vocative comma when talking

If I say, "IwilldocardiologyHoney........Will I get richer today? By default, since there is no increased pause between cardiology and Honey, must the words "I will do cardiology" ...
Indira Singh's user avatar
0 votes
0 answers
236 views

vocative comma by default

If I say, "I will go skiing Nonna....." By default are the words preceding Nonna being addressed to Nonna? Or can I argue that my words preceding Nonna are not being addressed to Nonna, but ...
Indira Singh's user avatar
0 votes
0 answers
30 views

punctuating speech - comma versus period

If I said, "I will go fishing John will I go shopping today." If I take "Will I go shopping today" to be a separate sentence on its own. Is there a way of punctuating it so that ...
Indira Singh's user avatar
6 votes
2 answers
212 views

Addressing a person by occupation

In Dorothy Gladys “Dodie” Smith’s 1956 children’s novel, The Hundred and One Dalmatians, the author writes: But though you can call a cook ‘Cook’, the one thing you cannot call a butler is ‘Butler’ ...
Leon Conrad's user avatar
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0 votes
2 answers
351 views

On the capitalization of familial honorifics

We all know that Mom and Dad are capitalized when used in dialogue as a substitute for a name. But is it the same for big sister, big brother, big sis, and big bro? One example of the sentence would ...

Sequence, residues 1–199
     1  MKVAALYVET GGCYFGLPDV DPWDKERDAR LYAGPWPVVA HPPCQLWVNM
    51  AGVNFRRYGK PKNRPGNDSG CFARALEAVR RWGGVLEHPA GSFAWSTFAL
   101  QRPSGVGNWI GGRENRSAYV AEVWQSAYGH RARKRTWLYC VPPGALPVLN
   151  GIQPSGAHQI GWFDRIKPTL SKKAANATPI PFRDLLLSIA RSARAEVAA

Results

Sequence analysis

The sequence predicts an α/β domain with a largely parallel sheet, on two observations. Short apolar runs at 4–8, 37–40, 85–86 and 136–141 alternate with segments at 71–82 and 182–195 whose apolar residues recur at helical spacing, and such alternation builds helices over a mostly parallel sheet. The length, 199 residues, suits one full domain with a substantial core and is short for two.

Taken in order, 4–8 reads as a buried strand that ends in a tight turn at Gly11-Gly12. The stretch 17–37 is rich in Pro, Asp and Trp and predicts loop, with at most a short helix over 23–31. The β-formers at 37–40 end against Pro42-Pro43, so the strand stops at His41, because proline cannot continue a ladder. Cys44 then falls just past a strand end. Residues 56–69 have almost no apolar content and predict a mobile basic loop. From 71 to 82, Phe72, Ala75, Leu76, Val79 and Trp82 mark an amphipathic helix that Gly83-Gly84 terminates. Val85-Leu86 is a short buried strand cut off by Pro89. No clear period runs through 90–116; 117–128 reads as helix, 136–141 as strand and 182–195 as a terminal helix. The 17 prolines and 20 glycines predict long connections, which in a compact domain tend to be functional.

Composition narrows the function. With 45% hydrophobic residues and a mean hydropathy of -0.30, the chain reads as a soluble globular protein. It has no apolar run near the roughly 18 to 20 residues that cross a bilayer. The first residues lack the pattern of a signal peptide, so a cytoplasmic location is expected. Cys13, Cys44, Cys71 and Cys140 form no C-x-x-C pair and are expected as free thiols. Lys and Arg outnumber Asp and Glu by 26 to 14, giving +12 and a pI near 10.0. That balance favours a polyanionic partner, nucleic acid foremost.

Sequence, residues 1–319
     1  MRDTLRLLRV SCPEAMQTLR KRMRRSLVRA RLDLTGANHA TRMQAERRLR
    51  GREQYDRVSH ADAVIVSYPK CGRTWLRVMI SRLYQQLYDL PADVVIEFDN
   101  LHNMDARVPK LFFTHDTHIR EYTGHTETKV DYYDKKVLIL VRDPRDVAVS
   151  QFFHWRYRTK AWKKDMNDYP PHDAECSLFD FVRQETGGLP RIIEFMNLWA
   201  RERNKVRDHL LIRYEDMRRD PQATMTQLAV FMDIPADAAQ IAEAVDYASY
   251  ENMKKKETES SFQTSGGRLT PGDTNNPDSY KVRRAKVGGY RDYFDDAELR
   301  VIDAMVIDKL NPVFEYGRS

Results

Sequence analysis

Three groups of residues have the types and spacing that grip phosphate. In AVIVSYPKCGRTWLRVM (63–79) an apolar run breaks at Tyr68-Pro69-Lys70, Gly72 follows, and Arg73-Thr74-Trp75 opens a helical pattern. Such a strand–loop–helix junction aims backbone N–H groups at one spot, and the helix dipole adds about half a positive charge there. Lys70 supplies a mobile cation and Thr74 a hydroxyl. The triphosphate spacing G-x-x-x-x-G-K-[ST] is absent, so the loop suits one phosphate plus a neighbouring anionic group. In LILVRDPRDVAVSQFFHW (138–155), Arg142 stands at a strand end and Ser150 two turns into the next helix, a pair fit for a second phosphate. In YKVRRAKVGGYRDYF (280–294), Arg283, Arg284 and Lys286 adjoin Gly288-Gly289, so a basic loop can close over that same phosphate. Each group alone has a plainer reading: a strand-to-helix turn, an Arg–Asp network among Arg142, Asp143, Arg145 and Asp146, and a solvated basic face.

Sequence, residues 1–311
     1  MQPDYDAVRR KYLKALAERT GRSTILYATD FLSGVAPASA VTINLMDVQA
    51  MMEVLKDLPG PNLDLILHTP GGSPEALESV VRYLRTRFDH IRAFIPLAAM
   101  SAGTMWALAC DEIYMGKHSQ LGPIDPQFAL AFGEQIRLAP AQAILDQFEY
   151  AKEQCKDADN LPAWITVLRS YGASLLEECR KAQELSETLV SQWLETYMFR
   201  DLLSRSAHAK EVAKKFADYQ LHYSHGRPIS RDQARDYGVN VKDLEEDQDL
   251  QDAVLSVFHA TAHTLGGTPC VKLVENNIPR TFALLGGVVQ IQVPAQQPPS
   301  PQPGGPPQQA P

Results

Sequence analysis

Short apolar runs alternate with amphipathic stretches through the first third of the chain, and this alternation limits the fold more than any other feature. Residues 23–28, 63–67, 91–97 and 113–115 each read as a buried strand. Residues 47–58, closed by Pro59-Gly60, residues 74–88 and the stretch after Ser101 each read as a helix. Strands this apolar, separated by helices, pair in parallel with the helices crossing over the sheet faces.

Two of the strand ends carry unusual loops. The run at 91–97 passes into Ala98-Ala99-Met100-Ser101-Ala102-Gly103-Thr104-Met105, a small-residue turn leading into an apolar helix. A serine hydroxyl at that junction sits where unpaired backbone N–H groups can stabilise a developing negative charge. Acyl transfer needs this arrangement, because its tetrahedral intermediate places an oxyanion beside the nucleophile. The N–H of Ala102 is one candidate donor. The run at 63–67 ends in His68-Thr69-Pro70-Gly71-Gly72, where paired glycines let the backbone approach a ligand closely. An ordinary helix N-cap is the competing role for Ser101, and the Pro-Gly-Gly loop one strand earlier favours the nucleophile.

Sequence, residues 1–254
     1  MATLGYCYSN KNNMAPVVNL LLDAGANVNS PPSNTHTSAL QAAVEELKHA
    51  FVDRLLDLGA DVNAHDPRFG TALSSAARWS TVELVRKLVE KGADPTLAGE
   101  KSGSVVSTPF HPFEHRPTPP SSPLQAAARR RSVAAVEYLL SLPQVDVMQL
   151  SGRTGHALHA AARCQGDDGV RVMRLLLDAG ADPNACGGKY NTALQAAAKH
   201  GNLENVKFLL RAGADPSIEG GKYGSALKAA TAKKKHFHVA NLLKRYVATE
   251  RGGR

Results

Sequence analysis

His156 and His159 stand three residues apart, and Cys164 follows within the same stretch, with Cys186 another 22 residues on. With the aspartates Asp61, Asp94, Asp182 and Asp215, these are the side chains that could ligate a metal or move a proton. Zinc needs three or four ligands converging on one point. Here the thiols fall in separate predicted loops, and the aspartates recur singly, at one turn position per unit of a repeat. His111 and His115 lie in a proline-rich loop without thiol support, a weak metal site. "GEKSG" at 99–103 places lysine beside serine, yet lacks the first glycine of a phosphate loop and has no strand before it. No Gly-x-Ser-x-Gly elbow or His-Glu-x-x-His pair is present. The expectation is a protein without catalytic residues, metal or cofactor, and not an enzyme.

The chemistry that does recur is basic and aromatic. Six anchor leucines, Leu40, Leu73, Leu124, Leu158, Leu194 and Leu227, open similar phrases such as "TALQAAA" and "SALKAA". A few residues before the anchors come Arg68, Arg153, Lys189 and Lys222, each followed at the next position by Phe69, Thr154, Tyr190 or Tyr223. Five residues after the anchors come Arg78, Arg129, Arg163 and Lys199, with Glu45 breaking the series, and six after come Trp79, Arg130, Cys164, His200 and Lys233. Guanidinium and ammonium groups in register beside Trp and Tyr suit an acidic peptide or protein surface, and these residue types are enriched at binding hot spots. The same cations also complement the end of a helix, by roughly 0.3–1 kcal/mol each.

Gerry Giovan's user avatar
1 vote
0 answers
228 views

Is it necessary to use a vocative comma in an email, specifically a professional email?

I received an email this morning from a candidate for an Executive Director position. Thanks Kim. This is how the email began. It immediately made a negative impression and caused me to feel ...
Kim's user avatar
  • 11
-1 votes
1 answer
233 views

Different forms of addressing parents

In my language there is an older form in which you use kinship term in the middle of a sentence, in which normally you would use "you". Here's how this would look translated to English Normal -> "Dad,...
user385889's user avatar
-2 votes
1 answer
168 views

Is the vocative comma a recent thing?

It's usually considered necessary in the modern day, but I find the further back you go, the less frowned on its absence seems to be. I seem to remember a few vocative sentences in The Hobbit without ...
Angelos's user avatar
  • 391
10 votes
2 answers
2k views

Ad­dress­ing boys and girls dif­fer­ently in (Vic­to­rian?) English schools

In Jane Eyre by Char­lotte Brontë I read: “Burns” (such it seems was her name: the girls here were all called by their sur­names, as boys are else­where)... So my ques­tion is: were there (or ...
v_2e's user avatar
  • 201
1 vote
1 answer
588 views

Vocative case and plural - 'thou art' [duplicate]